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[flagged] Amazon will pay $0 in taxes on $11B in profit for 2018 (yahoo.com)
42 points by Elof 66 days ago | hide | past | web | favorite | 27 comments

Every time I see a headline about outrage over corporations not paying taxes, my first thought is, "How much taxes did employees pay?" It's not clear to me why a non-human should be paying taxes, when all of the humans working at that company pay a ton of taxes (especially the tech side of Amazon, where employees pay taxes on their high salaries and on their RSUs).

I'm definitely not an expert in corporate finance or taxes, so I would be grateful if somebody could explain to me why I should be outraged by this.

Employees' taxes pay for government services that they use. Separately from that, Amazon as an entity [0] is dependent on government services - it ships goods using public roads and airports, its data centers rely on the public electricity grid, its buildings and shipping routes are protected by the $600 bn/year US military, etc. Amazon's shareholders - some of whom aren't US citizens and don't individually pay tax to the US government - shouldn't be able to take advantage of those resources to generate profit without helping to pay for them.

[0] Replace "Amazon as an entity" with "Amazon's shareholders" or "the resources that Amazon's shareholders own and use to generate profit" if you prefer.

Economics 101 says that governments can discourage activities through taxing them.

Most people would argue that society should rather give people more income than corporations larger profits.

Therefore, corporations should be taxed more, and income taxed less.

Corporate profits get redistributed to individuals through dividends and buybacks, so taxing corporations is just taxing the income of individuals indirectly.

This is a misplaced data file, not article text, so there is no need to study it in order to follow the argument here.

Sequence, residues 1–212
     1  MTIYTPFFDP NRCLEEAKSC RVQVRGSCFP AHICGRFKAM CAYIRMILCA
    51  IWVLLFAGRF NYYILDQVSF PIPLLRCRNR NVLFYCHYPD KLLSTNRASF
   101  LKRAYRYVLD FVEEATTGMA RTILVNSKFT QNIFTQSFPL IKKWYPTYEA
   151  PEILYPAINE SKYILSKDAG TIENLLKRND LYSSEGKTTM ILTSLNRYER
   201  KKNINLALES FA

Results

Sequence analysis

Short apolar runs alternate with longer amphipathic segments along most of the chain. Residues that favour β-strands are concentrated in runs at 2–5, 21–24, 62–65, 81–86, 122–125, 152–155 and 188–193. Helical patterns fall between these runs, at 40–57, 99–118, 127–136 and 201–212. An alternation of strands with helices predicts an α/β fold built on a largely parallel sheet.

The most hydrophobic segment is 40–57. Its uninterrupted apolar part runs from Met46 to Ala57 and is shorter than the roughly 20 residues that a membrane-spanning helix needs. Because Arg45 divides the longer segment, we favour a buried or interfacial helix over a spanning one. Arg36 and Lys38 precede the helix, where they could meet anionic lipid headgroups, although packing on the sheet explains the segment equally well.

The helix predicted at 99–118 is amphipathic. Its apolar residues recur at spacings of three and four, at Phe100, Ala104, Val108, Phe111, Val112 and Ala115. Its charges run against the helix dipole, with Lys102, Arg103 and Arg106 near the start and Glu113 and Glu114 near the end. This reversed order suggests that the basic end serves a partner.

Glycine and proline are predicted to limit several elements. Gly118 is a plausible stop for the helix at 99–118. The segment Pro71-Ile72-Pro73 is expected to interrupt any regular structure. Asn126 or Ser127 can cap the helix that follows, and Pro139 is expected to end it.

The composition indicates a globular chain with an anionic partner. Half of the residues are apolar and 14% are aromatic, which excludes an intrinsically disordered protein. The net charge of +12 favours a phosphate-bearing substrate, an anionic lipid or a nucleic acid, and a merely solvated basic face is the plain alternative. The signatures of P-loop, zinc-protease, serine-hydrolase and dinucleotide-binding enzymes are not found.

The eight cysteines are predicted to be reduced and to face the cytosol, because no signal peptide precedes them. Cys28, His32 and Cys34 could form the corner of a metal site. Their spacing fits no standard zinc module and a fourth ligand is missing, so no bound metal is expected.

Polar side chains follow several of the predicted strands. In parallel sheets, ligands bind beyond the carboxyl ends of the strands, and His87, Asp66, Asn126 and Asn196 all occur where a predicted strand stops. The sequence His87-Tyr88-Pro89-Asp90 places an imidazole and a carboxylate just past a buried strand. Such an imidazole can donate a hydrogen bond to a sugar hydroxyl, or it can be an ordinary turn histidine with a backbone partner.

Those individuals who gain income from investments ought to be wealthier, and therefore, more able to handle the higher taxation. Income deriving from wages are currently taxed at a rate that's higher than income from investments, and most people would agree that this is an injustice.

Of course, those who make and pass laws are heavily connected with those who make their income via investments, and therefore, change is unlikely to happen.

Economics is not accounting: who signs the check is not who pays for it. The concept is called "economic incidence" and its why corp taxes have consensus to be reduced in the economist community.

> * taxing corporations is just taxing the income of individuals indirectly*

Yes, but it matters which individuals you end up taxing and what they did to earn that income.

Amazon's employees, who earned their income by going to work and creating value, should bear less of the tax burden than people who are receiving money from dividends and buybacks because all they did was have enough money to invest it.

Dividends and buybacks go to people who did not do the work that generated the original revenue. The actual workers of the company should derive the benefit of their own labor, not some random shareholder.

Replace “individuals” by “shareholders,” or even “capitalists,” if you want to be more accurate. Most “individuals” in the US are wage slaves with little or no savings, much less investments. Those people benefit not a whit by Amazon passing on tax savings to shareholders.

> taxing corporations is just taxing the income of individuals indirectly

Or taxing their income twice

The article is not about whether corporate taxation in general is good or bad.

It's about Amazon paying $0 taxes on $11B in profits while other corporations continue to pay taxes.

Corporations are not people. The tax is paid by investors, workers or consumers.

Or tax people and corporations the same way. Tax on the left overs after the costs are met...